(Editor’s note: The Broadband Report is a regular feature in WRAL TechWire.)

RESEARCH TRIANGLE PARK, N.C. – The Internet of Things. The Internet of Everything.

We’ve all heard these monikers in some form or fashion the last couple of years. But, what we don’t hear much about is how all this “smart” integration requires pervasive connectivity with highly-reliable, low latency bandwidth.

To paint the picture better, smart home and IoT research from Parks Associates recently discovered that ownership and usage of connected devices is growing among U.S. broadband households.

Approximately 26 percent of U.S. broadband households now own a streaming media device and 16 percent now own a smart home device with 34 percent now owning a smart TV. This same report out earlier this month also noted that the average household spends more than $6 per month on subscription Internet video services.

“As we saw at CES … companies from previously separate channels are now competing in the smart home ecosystem, meaning both differentiation and cross-platform interoperability are critical to success,” said Tom Kerber, director of Research, Home Controls and Energy at Parks Associates. “Thirty-seven percent of U.S. broadband households intend to buy one or more smart devices in 2015, so this year will feature expansion of the smart home and further refinement of business strategies in these markets.”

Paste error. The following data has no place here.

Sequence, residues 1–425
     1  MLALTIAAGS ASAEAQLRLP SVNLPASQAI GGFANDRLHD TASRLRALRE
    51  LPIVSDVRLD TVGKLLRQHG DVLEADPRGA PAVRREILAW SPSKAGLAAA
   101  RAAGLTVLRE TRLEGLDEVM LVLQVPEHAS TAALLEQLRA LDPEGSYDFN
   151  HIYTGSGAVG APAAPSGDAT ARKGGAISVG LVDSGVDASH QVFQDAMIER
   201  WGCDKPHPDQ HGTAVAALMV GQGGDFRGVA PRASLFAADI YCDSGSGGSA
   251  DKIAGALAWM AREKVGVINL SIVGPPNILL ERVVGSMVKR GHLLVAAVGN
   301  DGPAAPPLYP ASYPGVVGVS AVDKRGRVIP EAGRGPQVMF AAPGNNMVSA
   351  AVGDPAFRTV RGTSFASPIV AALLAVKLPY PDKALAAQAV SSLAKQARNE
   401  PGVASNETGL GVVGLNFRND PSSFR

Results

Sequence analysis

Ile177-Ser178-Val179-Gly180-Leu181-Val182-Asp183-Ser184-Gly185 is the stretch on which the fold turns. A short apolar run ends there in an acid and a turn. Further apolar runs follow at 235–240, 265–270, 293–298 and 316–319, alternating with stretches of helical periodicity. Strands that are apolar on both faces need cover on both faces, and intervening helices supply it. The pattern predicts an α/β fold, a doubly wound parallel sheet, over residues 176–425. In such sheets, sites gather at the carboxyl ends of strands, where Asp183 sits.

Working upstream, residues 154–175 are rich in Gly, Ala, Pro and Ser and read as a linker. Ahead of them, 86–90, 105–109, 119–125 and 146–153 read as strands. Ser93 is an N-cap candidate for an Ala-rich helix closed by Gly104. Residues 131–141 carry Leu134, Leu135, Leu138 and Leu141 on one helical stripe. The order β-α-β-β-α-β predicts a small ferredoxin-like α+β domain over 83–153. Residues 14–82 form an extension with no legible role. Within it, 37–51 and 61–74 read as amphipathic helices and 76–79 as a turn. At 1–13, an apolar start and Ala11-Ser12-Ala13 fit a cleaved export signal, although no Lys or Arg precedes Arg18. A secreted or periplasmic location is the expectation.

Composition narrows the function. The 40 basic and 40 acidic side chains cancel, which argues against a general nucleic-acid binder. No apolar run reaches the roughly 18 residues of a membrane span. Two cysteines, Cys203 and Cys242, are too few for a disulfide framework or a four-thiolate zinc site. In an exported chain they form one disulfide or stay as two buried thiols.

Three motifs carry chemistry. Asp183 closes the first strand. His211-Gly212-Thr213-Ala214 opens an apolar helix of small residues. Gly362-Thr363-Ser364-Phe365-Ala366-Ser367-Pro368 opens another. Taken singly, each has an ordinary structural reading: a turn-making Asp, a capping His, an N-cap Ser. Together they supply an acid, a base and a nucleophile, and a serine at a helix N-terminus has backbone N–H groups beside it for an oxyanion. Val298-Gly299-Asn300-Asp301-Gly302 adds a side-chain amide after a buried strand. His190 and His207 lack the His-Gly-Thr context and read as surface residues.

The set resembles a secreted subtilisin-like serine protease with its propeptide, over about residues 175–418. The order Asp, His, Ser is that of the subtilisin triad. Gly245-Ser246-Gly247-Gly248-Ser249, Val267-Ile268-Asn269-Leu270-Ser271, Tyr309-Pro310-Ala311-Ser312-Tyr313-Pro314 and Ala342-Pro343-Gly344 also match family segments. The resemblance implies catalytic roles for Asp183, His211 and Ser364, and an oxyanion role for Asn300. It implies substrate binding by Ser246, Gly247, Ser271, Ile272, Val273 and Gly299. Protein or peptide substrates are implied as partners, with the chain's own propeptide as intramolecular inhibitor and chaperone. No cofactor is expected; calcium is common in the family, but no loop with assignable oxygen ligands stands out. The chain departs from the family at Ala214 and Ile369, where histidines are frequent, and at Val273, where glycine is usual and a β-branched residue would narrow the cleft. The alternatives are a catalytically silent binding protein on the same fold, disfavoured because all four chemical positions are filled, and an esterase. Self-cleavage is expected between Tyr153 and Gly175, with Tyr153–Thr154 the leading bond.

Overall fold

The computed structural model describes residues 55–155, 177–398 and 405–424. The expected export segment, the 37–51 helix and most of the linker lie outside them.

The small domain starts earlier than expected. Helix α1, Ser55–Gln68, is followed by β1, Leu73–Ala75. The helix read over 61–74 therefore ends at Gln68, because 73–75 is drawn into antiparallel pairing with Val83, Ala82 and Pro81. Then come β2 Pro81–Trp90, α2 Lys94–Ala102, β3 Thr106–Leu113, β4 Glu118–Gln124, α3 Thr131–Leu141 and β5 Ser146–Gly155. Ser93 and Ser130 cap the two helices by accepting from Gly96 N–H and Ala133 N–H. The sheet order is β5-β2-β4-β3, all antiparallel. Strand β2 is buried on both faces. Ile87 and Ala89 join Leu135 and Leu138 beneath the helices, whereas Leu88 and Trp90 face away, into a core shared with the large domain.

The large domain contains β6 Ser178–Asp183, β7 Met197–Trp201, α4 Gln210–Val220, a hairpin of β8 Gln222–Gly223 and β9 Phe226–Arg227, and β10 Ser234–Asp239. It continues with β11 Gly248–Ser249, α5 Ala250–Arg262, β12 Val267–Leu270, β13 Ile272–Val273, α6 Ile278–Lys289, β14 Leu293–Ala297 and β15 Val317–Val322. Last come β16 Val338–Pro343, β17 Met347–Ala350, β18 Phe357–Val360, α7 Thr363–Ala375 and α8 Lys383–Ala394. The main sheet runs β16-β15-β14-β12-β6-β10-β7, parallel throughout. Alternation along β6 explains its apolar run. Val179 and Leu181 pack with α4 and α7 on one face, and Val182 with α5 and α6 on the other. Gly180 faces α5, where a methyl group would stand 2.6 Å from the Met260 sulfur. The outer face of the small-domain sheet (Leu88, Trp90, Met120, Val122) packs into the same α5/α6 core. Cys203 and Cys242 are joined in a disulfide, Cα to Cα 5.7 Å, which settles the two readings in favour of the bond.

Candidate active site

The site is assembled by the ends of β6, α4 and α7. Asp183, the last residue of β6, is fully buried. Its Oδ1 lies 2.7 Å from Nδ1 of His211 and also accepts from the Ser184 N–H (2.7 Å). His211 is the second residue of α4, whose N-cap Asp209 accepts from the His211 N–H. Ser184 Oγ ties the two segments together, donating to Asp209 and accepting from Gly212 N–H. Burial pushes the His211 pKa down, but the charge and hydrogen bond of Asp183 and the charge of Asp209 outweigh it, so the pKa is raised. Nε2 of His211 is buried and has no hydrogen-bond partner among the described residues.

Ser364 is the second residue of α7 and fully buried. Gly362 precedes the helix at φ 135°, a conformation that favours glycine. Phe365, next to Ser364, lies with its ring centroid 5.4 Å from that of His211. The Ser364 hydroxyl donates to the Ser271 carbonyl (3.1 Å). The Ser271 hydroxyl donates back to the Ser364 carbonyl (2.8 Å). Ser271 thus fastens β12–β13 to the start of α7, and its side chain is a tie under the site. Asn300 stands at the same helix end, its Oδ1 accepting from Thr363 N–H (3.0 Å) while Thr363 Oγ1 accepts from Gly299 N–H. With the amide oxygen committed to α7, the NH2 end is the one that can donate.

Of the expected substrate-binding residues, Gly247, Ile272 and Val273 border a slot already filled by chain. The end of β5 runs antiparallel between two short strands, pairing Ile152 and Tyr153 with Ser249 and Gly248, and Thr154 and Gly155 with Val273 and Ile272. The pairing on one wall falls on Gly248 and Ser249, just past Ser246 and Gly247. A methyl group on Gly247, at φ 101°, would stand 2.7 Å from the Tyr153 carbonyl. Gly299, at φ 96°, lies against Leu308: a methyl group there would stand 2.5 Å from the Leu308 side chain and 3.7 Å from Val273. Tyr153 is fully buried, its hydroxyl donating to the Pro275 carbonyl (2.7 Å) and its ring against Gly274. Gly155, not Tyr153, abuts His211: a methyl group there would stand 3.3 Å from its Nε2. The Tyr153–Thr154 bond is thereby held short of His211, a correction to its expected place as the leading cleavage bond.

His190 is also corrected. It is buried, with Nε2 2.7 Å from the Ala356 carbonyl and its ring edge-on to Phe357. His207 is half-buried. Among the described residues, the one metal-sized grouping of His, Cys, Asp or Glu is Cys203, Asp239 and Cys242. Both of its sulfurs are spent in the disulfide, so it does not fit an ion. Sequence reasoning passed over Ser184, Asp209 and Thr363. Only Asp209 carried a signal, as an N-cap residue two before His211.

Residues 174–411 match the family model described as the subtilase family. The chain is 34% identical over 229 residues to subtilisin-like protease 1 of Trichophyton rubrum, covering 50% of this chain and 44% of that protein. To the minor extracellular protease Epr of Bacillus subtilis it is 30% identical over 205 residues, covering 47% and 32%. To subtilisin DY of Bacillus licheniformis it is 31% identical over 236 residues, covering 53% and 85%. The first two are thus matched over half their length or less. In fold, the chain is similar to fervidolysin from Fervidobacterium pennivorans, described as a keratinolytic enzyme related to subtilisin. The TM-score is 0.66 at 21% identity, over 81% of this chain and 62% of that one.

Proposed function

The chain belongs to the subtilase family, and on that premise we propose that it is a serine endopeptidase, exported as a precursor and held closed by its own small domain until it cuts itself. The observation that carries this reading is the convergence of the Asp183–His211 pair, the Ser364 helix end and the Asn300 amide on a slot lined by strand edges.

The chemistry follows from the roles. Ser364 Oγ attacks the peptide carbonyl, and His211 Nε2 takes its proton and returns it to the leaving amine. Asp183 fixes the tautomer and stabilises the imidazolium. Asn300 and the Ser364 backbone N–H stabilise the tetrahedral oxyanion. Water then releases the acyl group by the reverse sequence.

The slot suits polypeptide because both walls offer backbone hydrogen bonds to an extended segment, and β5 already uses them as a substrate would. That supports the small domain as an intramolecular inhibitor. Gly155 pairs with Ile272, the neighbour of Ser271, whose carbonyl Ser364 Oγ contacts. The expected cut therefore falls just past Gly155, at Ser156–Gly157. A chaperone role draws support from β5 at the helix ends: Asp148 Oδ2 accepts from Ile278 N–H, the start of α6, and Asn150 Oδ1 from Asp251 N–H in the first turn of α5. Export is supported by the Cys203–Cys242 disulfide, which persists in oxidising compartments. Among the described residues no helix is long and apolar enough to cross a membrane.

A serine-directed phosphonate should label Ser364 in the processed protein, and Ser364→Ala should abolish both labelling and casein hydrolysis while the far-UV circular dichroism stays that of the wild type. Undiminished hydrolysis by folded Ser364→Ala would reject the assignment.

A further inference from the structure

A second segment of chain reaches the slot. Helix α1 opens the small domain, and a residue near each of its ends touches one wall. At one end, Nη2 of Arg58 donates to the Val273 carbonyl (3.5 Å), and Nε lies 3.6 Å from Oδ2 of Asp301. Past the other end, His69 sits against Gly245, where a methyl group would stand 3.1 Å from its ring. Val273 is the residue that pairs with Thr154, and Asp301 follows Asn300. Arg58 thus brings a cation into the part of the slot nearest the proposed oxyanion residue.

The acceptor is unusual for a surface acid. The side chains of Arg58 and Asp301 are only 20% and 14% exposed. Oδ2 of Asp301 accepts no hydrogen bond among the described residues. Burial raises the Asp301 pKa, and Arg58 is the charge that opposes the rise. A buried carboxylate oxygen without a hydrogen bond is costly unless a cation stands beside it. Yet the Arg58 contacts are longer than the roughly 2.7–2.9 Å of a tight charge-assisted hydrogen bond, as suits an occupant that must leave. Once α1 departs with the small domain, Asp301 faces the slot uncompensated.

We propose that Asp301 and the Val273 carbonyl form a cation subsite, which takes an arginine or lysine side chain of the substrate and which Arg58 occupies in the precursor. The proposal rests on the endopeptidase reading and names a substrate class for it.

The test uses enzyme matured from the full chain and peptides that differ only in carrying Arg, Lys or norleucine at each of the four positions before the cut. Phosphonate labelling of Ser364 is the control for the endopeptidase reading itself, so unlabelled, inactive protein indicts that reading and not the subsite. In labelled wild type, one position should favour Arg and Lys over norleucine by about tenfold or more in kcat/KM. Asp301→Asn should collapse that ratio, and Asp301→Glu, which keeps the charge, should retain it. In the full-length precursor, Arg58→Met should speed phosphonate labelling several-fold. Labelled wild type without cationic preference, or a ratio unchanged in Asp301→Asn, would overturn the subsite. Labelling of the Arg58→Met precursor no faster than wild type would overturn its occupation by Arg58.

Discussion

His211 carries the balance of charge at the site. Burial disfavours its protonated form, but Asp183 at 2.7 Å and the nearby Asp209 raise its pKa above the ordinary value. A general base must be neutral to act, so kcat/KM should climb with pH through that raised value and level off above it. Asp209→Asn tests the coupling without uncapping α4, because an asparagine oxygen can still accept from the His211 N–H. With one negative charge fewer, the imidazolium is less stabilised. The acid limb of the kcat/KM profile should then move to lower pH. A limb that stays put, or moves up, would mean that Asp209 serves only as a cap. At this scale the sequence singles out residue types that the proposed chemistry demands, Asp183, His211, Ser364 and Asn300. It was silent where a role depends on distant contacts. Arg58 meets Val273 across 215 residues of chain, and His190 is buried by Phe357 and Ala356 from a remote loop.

“Different use cases will resonate with different consumer segments, and as penetration increases, consumer needs will change,” added Parks Associates President Stuart Sikes, in a prepared statement.

Cisco Systems (Nasdaq: CSCO) estimates that there will be nearly 50 billion connected “things” by 2020, and some have pushed estimates even higher. Even if a fraction of these connected things come online, it is pretty clear there will be substantially more Internet-enabled devices in our near future.

“The IoT not only will introduce new endpoints, but it also will introduce entirely new types of endpoints,” Adaptiva CTO and Founder Deepak Kumar explained to InformationWeek. “Familiar IT challenges such as security, compliance, application integration, training, support, and budget restrictions will be magnified as if they were bulked up on steroids.”

The proliferation of tablets, mobile phones, and other smart devices as well as machine-to-machine (M2M) connections are driving up the demand for connectivity. By next year, industry experts forecast there will be nearly 18.9 billion network connections – almost 2.5 connections for each person on earth – compared with 10.3 billion in 2011.

As billions of “things” join the IoT revolution in the years ahead, the high-speed pipes connecting these gizmos inevitably will become pretty crowded, leaving current Internet capacity meager to the influx. Networks as we currently know them likely will need to be transformed to support the hyper-connectivity requirements of IoT.